Heather Lee breaks two world records at 2018 Australian Masters Athletics Championships

Heather Lee, pictured while walking with the Commonwealth Games baton, broke two world records at the Australian Masters Athletics Championships. Picture: Geoff Jones
Heather Lee, pictured while walking with the Commonwealth Games baton, broke two world records at the Australian Masters Athletics Championships. Picture: Geoff Jones

THE Hawkesbury’s Heather Lee has broken two world record race walk times at the Australian Masters Athletics Championships, which was held in Perth at the end of April.

The 91-year-old broke the world record in both the five-kilometre and 10-kilometre race walk events for the women’s 90 category.

Lee’s five-kilometre time was 41 minutes 4.87 seconds, while her 10-kilometre time was one hour 25 minutes and 28 seconds.

Lee said going to the games she was determined to break the marks.

“That was my intention, my goal, I wanted to break the two records. I knew I could better my previous times. I've been training since last October to go to Perth,” he said.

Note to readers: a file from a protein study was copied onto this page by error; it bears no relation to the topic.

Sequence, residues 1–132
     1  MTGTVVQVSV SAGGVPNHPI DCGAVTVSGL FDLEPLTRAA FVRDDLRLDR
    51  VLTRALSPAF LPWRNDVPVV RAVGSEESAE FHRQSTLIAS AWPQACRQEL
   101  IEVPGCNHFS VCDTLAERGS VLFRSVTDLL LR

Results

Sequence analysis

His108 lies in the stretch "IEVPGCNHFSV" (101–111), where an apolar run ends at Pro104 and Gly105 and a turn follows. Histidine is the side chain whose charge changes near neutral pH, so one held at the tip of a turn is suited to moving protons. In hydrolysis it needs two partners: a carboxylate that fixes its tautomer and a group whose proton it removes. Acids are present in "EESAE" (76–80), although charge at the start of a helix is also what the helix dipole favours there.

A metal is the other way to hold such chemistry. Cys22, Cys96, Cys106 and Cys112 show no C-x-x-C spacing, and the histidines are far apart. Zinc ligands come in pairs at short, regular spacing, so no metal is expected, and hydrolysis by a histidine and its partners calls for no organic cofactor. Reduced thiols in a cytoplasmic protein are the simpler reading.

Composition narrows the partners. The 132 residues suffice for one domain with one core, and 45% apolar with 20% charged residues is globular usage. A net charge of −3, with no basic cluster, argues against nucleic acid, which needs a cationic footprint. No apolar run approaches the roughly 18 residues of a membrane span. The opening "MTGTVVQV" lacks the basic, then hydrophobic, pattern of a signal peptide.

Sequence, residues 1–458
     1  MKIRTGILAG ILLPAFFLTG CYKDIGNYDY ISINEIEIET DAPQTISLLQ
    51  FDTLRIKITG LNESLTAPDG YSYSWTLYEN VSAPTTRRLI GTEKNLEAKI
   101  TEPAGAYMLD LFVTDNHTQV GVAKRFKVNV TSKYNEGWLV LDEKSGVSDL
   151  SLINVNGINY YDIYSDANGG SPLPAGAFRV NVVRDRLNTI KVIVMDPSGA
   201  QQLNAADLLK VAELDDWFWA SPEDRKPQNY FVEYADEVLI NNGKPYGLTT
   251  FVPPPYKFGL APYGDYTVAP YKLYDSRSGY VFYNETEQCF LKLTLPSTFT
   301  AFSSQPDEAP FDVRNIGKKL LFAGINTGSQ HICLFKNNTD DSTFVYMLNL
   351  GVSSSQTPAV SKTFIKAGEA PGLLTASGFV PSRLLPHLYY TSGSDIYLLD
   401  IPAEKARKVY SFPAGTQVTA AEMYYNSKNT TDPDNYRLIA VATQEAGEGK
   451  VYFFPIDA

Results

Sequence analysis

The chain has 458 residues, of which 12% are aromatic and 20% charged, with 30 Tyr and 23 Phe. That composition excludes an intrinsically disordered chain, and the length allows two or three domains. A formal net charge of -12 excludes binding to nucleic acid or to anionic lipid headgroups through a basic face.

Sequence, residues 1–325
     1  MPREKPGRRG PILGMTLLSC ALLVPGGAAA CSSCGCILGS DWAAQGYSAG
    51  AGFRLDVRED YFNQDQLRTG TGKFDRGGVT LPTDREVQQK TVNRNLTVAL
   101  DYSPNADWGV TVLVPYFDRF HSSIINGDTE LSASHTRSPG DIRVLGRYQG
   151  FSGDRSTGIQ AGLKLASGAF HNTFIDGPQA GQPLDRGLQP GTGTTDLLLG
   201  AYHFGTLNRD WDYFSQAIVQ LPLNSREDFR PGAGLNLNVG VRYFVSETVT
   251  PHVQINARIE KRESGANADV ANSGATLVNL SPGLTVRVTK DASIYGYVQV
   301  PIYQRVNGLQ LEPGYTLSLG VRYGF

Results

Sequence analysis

"I wanted to do a sub-42 seconds on the five-kilometre and I came home having done it in 41.04 seconds,” she said.

“I've never done a time like that before, not even in practice.”

Lee competed in Tasmania last year where she broke records in the three-kilometre and five-kilometre race walks, but there was no 10-kilometre event there, so she was also keen to have a crack at it.

Her time beat the previous record, which was above 90 minutes. She added that she had not done a time below 90 minutes in four years.

“I am pretty chuffed. I did times that I thought were unbelievable,” she said.

Lee said she hoped she might be able to better those times in the future as well.

“I might be able to better my times but I don't know. I feel with a bit more training I could chip a second or two off,” she said.

Lee said the conditions in Perth were perfect for walking in.

“It was a cool morning and the sun was shining with a light breeze,” she said.

She added that the 10-kilometre track was a bit dodgy at places. She said a nice, flat track was ideal because it meant walkers could keep a good rhythm.

“The 10-kilometre course was rough, I didn't think I would finish,” she said.

“It was a different course to the world masters games course, which was a road closed to the public, but we couldn't do that for this one.

“It was through a park where there are trees and things and the tarmac was erupting everywhere, a lot of the other walkers said it was a rough track so I had to watch to where I walked in case I fell.”